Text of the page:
Grief / LGBT / Love life

If you’re happy and you know it, don’t blog

There was a point where writing was my main activity outside of work.  Too exhausted to talk to friends, too snot covered to go out without looking like a crazy lady, too heartbroken to even sing in the shower, I retreated to my bed with my laptop to spill my soul to you – strangers on the internet.  Gradually, I let snippets of joy re-enter my life.  I promised myself I wouldn’t let my wife’s death define me.  I was 27 when I was widowed and I was going to make damn sure that I had things to look forward to.  Here I am, a year after I started blogging (here’s the first ever post!), and two and a half years after the worst day of my life.  I’m truly happy.  I’m alive.  I miss my wife, but I love my life and it wouldn’t be like this if she hadn’t died. I got myself to this point.  Nobody else.  Me (and some wine).

The first foray into ‘normal’ life was to get back on the horse and start dating again.  I could never fill the gap, but at least I could have some fun. My Tinder tales (here), of women with overly right-wing views and raised in a cult (this one), may have been ridiculous but they reminded me that I am desirable and that it’s ok to have sex, even thought it’s not with my wife. My boobs are still perky and my vajayjay still screams, ‘fuck me now!’.  It’s biology.  Grief isn’t getting in the way of that. I accepted it and stopped feeling guilty.

The second was to travel.  As I gallivanted across the globe solo and accumulated thousands of air miles, I felt the confidence creeping back into my life.  ‘I can do this shit,’ I’d think to myself every time I successfully stretched to apply suntan lotion on the hard-to-reach bits,  didn’t get trampled to death by an elephant in Thailand, or won back ten dollars on a Vegas slot machine. Every time I struck up conversation with a stranger, I’d be amazed I was actually having a conversation, rather than reciting the monologue about my wife’s suicide that I’d told far too many times before. OK, so I had some dodgy moments like waking up naked in my hotel room with the door wide open, but you live and learn.

I met my mentor, a retired retail chain CEO, while sailing in the Caribbean and despite him witnessing me drunkenly singing atop a baby grand piano in a luxury resort, he spotted my potential and has coached me through tricky conversations, helping me find direction (see these posts).  My job may not be perfect, but I’m present.  I’m contributing.  Sometimes I actually churn out some good shit.  It’s only taken me thirty years, but the other day I figured out how to do conditional formatting on an excel. #TechnicalSkills.  My accountant late wife would have been proud / appalled it took me so long.  Widow brain fuzz slowed me down for a long time, but it rears its head only occasionally now. I’m looking to move on and change industry, building on my experience – that’s an exciting, rather than exhausting thought.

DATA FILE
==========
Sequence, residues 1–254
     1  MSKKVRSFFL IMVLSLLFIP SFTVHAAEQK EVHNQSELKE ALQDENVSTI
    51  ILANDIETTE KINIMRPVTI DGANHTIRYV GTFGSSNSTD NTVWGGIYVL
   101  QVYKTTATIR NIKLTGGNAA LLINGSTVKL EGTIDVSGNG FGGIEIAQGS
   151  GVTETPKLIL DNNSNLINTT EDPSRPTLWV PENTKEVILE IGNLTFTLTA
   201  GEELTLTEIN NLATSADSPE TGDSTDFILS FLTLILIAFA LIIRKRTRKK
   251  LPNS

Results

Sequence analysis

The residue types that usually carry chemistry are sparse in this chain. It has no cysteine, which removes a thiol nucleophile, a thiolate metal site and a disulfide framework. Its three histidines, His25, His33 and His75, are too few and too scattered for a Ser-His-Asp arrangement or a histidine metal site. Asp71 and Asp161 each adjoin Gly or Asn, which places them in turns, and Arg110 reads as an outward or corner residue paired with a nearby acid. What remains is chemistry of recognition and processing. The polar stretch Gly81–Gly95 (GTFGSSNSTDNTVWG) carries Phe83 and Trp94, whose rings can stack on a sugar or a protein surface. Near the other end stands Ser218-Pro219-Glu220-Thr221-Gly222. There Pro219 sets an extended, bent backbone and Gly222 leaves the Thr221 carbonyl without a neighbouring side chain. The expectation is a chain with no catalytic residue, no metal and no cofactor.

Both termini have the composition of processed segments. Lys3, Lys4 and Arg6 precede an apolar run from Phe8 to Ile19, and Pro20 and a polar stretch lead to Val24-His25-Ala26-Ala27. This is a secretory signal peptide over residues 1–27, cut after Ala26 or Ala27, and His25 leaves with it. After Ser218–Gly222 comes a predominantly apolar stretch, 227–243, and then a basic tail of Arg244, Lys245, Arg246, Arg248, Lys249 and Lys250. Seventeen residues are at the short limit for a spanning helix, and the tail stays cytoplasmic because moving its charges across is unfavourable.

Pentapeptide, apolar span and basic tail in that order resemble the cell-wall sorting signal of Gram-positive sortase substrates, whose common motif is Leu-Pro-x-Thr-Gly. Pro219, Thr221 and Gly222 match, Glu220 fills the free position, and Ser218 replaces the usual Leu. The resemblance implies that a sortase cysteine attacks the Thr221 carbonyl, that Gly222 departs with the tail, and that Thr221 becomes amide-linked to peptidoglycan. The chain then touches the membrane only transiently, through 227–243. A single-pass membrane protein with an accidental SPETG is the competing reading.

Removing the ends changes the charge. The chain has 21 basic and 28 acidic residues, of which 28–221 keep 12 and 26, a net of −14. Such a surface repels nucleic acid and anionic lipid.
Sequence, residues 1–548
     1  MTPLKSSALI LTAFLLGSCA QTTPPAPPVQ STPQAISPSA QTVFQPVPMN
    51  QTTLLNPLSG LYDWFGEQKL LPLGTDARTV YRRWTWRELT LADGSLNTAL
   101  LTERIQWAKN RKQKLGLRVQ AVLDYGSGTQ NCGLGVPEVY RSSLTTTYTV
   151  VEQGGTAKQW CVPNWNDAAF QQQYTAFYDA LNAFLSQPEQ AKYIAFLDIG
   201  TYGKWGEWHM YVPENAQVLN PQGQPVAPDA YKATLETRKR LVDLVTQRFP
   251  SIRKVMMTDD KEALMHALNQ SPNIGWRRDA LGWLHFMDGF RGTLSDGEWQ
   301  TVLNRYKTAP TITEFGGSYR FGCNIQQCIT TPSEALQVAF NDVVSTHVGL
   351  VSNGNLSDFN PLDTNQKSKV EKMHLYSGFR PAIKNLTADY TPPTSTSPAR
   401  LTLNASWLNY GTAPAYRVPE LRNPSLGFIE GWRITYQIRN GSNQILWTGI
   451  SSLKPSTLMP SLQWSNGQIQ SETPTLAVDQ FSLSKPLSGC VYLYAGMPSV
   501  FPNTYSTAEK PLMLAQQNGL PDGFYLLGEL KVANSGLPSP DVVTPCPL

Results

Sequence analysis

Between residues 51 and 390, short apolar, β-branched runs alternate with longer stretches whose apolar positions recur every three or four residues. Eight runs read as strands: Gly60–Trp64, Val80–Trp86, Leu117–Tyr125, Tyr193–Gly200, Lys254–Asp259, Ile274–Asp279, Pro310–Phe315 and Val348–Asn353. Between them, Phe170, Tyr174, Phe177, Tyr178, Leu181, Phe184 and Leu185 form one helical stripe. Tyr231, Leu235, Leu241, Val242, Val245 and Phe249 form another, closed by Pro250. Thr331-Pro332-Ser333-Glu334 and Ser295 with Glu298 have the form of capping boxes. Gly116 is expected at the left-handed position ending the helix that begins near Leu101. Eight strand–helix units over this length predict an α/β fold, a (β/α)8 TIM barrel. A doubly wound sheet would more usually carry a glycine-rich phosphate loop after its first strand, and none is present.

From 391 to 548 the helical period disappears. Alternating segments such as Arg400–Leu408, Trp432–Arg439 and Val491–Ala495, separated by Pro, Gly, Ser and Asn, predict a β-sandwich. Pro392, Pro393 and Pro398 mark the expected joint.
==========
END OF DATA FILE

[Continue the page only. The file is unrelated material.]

Re-connecting with the old me, the attention-loving performer who adores the stage was one of the best things I ever did.  If you are a widow reading this, I urge you to cast your mind back to the time before you met your late other half.  Happiness cannot possibly derive just from one person.  Figuring out where the happiness came from before I met my wife reinforced the fact I objectively knew was true, but subjectively didn’t believe yet – that life can be happy even though the worst happened. I sang.  I sang and sang and sang.  I did intimate gigs.  I sang to myself walking down the street.  I sang to 3000 people and a giant dinosaur skeleton at the Natural History Museum (this post). I did way more karaoke in a year than most people do in a lifetime.  When I sing, the world stops and I’m 100% in the moment.  I’m not the widow.  I’m not the girl from the UK.  I’m not the adulteress.  I’m me.  Pure, raw, buzzing me, and I love her.

What I’m most proud of is that I’ve given myself permission to fall in love again.  I teeter on the edge of feeling guilty sometimes and perhaps I talk about my late wife a little more than I should with my girlfriend, but if you ask me whose arms I prefer being in, I truly can’t make the decision.  I love my girlfriend, and I love my wife.

I recently conquered my first wedding since my own .  It was terrifying, especially seeing as the bride had me singing STRAIGHT AFTER THE VOWS.  I spent the whole ceremony shivering and shitting myself with nerves with my girlfriend holding my clammy hand as I did the rap from the Spice Girls’ Wannabe in my head to avoid engaging with what was being said at the front.  It got to ‘my bit’ and I sang without bawling.  I didn’t even shed a tear!  It’s one of my proudest performances, even though my singing was crap. When I sat back down, my girlfriend was silently crying.  She never cries.  They were tears of pride, she said. As I whispered that I love her into her ear, I felt my heart soar.  I’m not alone in my journey anymore.

I’m conscious that this post may come across as boastful.  I’ve never been one to be modest, I confess, but what I really want to convey, especially to people who have suffered a massive setback, is that life gets good again.  However, you have to believe it can happen and go and seek the joy out.  It’s not going to land on your lap. That’s why I’ve been largely silent here. I think that’s a wonderful reason, don’t you?


One thought on “If you’re happy and you know it, don’t blog

  1. This is truly wonderful! Thank you for sharing this!
    (At my first post-widowed wedding, I was asked to do a reading… “if I don’t have love, I have nothing…” OMG WHAT WAS SHE THINKING??? …I was glad to read that yours went much smoother, lol)


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